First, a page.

Your credit report shows detailed information about how you use credit, how much credit you have, the available credit your using, payment history and if any of your loans are in collections.
In your report you have a credit score. That number is used by lending institutions, banks, finance companies and loan departments to measure your credit worthiness.
All the credit scoring categories are used mathematically based on your credit report to come up with you credit score.
You can have different credit scores based on the reporting agency. The 3 major reporting agencies, TransUnion, Equifax, Experion most likely will all have different scores for you.
Based on your scores, they are used by companies to help make decisions about approving you for loans, credit cards, vehicles or home mortgages.
The higher your score, the better of your chance for being approved! Also, your income and expenses, or debt to income ratio is a factor as well.
The credit scale goes between 300-850 points.
If your goal is to get a good credit score, or to keep a good credit score you have to maintain the same habits. Here is what you must do!
Make sure you make on time payments and do not ever be late. Banks are not forgiving late payments anymore and will raise your interest rate at the first chance they get. It will take from 6-12 months before you can get a lower interest rate again and it will never go back to where it was originally. So, if you’re one day late you will be penalized for 6-12 months and it will never reset back to where it was before.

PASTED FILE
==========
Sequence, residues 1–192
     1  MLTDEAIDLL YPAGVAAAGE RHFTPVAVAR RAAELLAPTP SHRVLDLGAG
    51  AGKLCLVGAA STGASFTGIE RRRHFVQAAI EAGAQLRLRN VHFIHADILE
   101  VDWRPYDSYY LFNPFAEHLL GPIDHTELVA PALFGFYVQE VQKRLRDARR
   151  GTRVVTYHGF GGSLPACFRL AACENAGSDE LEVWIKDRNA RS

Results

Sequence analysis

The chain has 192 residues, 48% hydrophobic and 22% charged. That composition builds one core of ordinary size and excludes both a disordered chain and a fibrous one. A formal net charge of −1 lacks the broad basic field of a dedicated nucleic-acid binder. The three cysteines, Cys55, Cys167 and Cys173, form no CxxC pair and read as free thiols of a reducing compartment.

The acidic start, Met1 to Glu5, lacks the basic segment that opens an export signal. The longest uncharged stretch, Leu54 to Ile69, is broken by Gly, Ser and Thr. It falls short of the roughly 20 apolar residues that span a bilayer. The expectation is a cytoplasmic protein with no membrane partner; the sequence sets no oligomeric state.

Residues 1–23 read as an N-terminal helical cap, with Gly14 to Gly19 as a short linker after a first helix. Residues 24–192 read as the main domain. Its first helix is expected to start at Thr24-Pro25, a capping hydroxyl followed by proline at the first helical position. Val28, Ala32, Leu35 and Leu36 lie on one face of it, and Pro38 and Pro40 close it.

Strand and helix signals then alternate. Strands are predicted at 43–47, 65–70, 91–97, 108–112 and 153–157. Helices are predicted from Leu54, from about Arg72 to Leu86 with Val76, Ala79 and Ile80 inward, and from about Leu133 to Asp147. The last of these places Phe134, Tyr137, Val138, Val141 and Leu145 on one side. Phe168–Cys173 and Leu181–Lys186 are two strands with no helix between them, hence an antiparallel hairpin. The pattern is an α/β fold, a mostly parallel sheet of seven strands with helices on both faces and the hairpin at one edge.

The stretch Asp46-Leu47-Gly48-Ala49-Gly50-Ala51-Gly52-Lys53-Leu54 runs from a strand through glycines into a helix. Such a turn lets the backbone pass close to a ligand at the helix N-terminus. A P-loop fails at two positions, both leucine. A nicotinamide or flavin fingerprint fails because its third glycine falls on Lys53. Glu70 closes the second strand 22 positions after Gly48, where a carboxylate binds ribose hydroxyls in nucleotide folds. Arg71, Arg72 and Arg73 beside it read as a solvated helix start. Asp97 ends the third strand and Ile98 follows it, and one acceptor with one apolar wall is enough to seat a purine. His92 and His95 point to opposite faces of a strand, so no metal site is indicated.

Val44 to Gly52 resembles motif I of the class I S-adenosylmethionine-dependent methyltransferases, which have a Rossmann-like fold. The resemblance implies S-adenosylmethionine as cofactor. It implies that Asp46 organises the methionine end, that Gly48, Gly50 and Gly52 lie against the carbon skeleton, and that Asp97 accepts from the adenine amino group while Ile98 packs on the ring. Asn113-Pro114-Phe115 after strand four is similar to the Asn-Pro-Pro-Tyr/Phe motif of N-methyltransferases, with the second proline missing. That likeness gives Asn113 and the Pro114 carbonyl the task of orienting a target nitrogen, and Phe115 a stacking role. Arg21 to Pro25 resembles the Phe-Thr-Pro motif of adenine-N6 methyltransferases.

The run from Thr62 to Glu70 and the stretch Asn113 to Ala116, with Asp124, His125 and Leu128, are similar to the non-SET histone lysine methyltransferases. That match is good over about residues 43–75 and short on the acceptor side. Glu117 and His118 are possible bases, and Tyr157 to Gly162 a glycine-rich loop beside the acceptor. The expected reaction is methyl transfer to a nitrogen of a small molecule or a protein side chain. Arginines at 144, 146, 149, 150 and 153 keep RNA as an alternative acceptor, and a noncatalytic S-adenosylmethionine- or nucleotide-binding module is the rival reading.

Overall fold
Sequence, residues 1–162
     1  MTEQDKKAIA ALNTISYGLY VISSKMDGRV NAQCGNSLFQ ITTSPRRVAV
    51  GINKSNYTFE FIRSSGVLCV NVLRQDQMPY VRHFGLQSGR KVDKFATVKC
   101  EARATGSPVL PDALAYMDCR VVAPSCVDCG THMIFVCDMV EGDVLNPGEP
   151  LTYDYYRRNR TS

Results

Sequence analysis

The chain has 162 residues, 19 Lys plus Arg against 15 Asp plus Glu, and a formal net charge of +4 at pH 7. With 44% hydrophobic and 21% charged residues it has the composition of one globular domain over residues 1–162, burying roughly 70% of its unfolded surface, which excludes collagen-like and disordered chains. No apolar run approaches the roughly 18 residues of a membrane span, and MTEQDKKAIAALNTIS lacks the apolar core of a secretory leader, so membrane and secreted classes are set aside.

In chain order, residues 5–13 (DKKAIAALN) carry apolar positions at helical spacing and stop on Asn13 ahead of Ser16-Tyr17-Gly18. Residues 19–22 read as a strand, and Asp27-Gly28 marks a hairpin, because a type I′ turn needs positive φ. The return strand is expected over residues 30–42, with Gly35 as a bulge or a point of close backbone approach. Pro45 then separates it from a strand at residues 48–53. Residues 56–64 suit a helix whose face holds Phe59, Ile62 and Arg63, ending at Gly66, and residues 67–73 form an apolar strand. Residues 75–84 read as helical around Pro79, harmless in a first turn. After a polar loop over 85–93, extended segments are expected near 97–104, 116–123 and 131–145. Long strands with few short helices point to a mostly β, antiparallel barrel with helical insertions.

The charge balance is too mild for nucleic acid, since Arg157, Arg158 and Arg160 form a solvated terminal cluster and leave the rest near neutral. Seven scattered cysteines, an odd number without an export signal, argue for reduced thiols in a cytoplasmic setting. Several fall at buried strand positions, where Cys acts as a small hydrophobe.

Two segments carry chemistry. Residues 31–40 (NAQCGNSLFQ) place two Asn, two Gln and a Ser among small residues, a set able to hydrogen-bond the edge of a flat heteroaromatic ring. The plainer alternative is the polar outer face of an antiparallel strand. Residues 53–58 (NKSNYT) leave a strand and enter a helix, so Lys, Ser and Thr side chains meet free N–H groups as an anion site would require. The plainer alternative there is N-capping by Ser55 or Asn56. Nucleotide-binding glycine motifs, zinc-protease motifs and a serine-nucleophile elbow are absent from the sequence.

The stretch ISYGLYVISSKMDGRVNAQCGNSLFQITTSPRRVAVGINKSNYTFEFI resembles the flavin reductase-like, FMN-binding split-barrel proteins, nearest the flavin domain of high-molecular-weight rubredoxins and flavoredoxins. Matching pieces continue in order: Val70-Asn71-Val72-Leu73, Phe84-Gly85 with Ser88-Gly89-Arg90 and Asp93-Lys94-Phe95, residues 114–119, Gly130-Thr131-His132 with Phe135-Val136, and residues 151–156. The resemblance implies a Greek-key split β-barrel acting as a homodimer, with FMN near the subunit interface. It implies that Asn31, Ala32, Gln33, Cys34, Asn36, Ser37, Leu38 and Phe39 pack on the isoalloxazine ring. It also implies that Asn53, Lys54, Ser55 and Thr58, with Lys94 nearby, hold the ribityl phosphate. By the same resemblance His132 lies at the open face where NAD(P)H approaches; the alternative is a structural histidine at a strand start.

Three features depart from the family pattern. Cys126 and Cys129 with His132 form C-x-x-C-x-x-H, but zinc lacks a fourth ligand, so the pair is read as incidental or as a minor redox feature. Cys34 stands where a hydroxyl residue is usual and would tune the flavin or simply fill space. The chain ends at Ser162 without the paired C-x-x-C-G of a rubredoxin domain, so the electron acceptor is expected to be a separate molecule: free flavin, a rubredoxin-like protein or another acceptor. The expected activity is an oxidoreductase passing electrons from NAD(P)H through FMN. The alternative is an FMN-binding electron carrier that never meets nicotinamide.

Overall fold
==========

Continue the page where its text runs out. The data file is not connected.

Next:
- Get a copy of your credit report and make sure all the information is correct. One piece of bad information can ruin your chance of having good credit score.
- Keep your credit line under 30% or less. When you use all or most of your credit line it decreases your score, lessons your chances for new credit and can raise your interest rates.
If you could only focus on one thing I would say, PAY YOUR BILLS ON TIME! This alone makes up 35% of your credit score.
The best way to make on time payments is to set up an automatic payment schedule with your bank. This will unsure all your payments are never late and nothing negative will happen to your account.
- Try to make more than your minimum payments with auto-pay
- Keep enough funds in your checking account to cover the payment
Once you have this set up or have a system in place to allow you to keep your payments on time, you will need to work on KEEPING YOUR AVAILABLE CREDIT LINE UNDER 30% AND LESS.
This also makes up 30% of your credit score. Between your on time payments and credit line usage makes up 65% of your credit score.
The scoring system will evaluate how much of each available credit line you currently use. The closer you get towards your credit limit can have multiple negative affects to your score. Including increase interest rate, difficulty to receive new credit and repaying back the monthly payment.
Tip: Closing credit card accounts, applying for a lot of credit cards at the same time and having too many creditors can/will lower your credit score also.